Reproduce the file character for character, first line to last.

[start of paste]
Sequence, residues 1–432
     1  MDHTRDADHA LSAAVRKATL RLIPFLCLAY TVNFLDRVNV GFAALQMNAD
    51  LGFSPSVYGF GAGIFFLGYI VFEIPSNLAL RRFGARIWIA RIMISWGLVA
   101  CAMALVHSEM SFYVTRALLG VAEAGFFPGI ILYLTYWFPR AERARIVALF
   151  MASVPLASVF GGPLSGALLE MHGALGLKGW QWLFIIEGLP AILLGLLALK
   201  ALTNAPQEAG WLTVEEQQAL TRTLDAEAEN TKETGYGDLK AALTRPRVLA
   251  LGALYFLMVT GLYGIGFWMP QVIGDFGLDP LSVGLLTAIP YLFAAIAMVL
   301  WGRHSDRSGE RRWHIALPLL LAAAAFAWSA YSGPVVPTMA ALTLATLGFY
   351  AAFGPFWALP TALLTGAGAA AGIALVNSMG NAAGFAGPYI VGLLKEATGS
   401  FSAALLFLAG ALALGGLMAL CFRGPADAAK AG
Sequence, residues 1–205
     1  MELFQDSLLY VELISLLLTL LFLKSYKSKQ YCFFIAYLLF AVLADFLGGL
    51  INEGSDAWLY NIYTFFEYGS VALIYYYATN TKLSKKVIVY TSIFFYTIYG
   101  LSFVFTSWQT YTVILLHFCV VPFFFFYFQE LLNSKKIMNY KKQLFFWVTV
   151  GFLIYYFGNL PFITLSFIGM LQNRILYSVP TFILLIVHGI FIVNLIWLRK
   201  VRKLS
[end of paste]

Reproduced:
Sequence, residues 1–432
     1  MDHTRDADHA LSAAVRKATL RLIPFLCLAY TVNFLDRVNV GFAALQMNAD
    51  LGFSPSVYGF GAGIFFLGYI VFEIPSNLAL RRFGARIWIA RIMISWGLVA
   101  CAMALVHSEM SFYVTRALLG VAEAGFFPGI ILYLTYWFPR AERARIVALF
   151  MASVPLASVF GGPLSGALLE MHGALGLKGW QWLFIIEGLP AILLGLLALK
   201  ALTNAPQEAG WLTVEEQQAL TRTLDAEAEN TKETGYGDLK AALTRPRVLA
   251  LGALYFLMVT GLYGIGFWMP QVIGDFGLDP LSVGLLTAIP YLFAAIAMVL
   301  WGRHSDRSGE RRWHIALPLL LAAAAFAWSA YSGPVVPTMA ALTLATLGFY
   351  AAFGPFWALP TALLTGAGAA AGIALVNSMG NAAGFAGPYI VGLLKEATGS
   401  FSAALLFLAG ALALGGLMAL CFRGPADAAK AG
Sequence, residues 1–205
     1  MELFQDSLLY VELISLLLTL LFLKSYKSKQ YCFFIAYLLF AVLADFLGGL
    51  INEGSDAWLY NIYTFFEYGS VALIYYYATN TKLSKKVIVY TSIFFYTIYG
   101  LSFVFTSWQT YTVILLHFCV VPFFFFYFQE LLNSKKIMNY KKQLFFWVTV
   151  GFLIYYFGNL PFITLSFIGM LQNRILYSVP TFILLIVHGI FIVNLIWLRK
   201  VRKLS